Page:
Academic Integrity

Education Leaders Share Insights on Remote Teaching Done Smart

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To help you forge through the uncharted territories of remote learning more easily, we interviewed the leading experts in various domains of education. They are sharing their stories caused by this abrupt switch to 100% online in education to let you know we’re in this together. Also, they’ll be sharing some tactics and tools that have helped them during the days of social isolation and remote teaching.

We are willing to reinforce one another as the world continues to change by exchanging experiences and knowledge. So, find some helpful tips for yourself as well.


Speaker 1: Mary Burns

Mary is a pedagogy and technology advisor. She helps countries, states as well as school districts and universities with technology planning, digital learning, instruction, curriculum development, and more.

Mary shared her thoughts on how this pandemic has impacted various aspects of education:

The COVID-19 virus has really laid bare the digital divide between poor and wealthy students, rural and urban students, and in many parts of the U.S. between white students and students of color. Providing robust, high-speed Internet access to all households really has to become a national imperative because of future disruption caused by pandemics, weather emergencies, and unforeseen disruptions.

Along with this more general digital divide, the COVID-19 virus has really exposed the divide between school districts and schools that have online learning and those that don’t. We have to do both short-term emergency work in online learning (getting content online for students) and long term planning of creating an online system. This crisis really hits home that school districts need to have both an online and face-to-face system of teaching and learning.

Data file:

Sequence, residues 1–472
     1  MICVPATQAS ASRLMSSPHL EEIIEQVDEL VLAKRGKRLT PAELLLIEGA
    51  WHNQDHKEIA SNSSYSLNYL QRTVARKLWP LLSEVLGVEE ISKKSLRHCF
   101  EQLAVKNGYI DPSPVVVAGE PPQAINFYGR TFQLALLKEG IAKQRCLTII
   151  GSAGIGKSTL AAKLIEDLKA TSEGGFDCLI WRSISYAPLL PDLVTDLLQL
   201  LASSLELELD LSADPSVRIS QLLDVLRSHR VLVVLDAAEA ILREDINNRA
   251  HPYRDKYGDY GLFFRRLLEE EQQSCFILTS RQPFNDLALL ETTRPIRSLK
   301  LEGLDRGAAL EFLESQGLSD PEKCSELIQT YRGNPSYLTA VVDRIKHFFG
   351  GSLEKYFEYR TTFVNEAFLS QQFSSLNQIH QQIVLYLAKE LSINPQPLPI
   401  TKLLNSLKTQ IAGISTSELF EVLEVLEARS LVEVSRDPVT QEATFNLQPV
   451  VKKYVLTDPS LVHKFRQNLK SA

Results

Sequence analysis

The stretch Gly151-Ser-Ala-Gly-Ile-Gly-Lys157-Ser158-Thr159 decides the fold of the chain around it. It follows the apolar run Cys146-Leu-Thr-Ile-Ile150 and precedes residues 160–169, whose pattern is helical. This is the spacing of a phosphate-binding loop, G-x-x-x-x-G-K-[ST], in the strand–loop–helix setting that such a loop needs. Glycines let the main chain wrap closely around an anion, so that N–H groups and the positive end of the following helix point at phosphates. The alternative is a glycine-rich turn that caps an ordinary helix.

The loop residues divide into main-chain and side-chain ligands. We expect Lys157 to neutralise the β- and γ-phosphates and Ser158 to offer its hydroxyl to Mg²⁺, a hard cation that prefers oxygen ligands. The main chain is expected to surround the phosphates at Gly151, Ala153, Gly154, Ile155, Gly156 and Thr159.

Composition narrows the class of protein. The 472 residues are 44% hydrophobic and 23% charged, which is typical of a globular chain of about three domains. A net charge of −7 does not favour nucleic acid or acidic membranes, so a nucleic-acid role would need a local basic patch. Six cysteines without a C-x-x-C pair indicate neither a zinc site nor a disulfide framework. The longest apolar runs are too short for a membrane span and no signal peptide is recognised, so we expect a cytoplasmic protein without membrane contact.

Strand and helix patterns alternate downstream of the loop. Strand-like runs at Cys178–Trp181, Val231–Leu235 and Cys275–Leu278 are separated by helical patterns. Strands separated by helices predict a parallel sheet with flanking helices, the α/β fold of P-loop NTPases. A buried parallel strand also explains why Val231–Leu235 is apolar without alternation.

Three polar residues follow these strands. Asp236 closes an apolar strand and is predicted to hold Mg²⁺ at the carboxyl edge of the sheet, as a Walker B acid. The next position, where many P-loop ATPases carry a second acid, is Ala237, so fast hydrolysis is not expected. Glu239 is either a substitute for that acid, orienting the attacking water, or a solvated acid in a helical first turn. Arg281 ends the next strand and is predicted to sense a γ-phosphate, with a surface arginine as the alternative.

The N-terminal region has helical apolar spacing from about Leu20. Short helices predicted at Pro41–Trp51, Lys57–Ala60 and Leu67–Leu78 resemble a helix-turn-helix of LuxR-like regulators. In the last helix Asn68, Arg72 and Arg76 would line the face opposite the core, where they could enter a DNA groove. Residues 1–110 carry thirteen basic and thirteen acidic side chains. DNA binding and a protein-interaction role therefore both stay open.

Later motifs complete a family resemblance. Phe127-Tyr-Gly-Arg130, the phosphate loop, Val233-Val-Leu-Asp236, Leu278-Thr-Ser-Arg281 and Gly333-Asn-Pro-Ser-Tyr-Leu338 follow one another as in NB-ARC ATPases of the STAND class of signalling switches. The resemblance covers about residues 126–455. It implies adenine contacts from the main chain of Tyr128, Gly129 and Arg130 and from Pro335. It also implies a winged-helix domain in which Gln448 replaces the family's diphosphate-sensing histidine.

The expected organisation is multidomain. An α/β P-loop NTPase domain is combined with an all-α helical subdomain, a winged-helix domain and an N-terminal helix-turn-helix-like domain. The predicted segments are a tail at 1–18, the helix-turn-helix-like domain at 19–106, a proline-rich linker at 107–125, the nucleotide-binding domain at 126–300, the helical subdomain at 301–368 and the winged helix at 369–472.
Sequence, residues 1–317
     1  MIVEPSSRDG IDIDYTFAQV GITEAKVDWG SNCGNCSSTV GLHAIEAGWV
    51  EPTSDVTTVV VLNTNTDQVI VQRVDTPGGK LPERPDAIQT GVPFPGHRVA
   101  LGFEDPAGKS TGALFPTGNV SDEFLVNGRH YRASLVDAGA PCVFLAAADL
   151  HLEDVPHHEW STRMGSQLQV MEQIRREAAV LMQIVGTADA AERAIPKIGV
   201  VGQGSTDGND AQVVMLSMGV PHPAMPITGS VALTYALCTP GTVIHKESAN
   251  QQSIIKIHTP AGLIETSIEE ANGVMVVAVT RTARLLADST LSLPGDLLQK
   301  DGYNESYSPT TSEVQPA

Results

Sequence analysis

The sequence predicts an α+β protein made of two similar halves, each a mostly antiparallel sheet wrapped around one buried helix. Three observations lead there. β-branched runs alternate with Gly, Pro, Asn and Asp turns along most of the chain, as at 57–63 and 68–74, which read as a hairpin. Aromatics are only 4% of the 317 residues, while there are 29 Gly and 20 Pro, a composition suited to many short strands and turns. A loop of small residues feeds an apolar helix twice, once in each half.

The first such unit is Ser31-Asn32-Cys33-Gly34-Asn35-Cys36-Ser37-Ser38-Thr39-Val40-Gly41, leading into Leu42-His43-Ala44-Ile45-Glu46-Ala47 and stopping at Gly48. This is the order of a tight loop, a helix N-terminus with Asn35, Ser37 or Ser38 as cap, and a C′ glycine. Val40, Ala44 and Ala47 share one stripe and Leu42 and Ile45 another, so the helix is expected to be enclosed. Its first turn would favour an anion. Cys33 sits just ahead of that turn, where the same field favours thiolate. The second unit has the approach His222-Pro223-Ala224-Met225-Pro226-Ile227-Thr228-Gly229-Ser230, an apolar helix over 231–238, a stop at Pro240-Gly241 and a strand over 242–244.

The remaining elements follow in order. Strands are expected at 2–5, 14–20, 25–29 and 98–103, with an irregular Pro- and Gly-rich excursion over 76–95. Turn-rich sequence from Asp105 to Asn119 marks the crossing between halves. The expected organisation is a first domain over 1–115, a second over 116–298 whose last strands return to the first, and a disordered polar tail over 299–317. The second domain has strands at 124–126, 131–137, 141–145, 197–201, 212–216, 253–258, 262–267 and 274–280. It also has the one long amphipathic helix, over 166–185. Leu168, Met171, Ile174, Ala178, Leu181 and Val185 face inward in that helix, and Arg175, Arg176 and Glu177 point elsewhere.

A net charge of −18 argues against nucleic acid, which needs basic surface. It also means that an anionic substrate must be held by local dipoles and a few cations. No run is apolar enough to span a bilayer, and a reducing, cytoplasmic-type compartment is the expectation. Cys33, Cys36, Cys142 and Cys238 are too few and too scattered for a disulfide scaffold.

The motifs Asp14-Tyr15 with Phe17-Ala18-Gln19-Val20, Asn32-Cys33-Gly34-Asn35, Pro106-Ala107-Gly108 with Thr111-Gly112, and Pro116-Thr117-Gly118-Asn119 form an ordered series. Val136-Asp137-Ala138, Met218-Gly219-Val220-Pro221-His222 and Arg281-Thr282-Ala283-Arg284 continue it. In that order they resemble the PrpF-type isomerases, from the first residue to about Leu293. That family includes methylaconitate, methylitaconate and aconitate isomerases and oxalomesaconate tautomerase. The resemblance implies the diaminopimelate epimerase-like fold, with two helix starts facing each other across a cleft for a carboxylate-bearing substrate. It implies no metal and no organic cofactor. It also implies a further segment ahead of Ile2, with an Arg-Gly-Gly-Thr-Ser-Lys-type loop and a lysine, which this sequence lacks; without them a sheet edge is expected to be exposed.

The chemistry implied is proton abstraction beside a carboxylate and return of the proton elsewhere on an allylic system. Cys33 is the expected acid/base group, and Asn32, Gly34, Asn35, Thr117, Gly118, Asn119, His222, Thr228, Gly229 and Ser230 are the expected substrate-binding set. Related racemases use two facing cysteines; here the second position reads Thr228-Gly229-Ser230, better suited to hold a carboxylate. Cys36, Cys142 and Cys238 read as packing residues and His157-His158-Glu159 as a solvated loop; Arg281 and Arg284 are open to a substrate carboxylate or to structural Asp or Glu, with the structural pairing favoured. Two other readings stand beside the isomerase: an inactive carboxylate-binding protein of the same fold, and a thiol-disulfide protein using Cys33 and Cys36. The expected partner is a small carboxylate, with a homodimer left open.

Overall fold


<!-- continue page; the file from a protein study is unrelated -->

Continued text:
I’d add one concern about online learning as it is now happening: Everyone is rushing to “put courses online.” The end product won’t be pretty in the majority of cases. Those who are new to online education may come away with an unfavorable impression of online learning because of poor quality because of a lack of time to plan and design. I’d just emphasize that the teaching we’ll see online is not true online learning; it’s emergency learning online.

Make sure to go get to know Mary Burns.


Speaker 2: Amy Hollier

Amy is the Head of Blended Learning at Heart of Worcestershire College, UK, and a remote learning enthusiast:

What transformations has your institution made to enable e-learning?

An intensive period of staff training has been implemented in the use of digital technologies available to staff. Quick start and user guides have been circulated with additional guidance offered on software and platforms available to staff to access and populate online content with. HoW College is already well established with a very robust digital infrastructure which has helped to enable remote learning. Staff are already used to using communication tools such as Skype for Business and MS Teams. Students too are already used to doing regular blended learning as it is embedded into their timetables so that they are well able to access the VLE and complete online content. The Blended Learning Consortium packages are also embedded and used across the curriculum.

What tools/platforms have you switched to? Are they effective?

Heart of Worcestershire College is a Microsoft Showcase college so we use the Microsoft tools, in particular Microsoft Teams. We use the Blended Learning Consortium interactive, online learning packages and ClickView for video content.

What difficulties are you facing now? Is there any way to overcome them?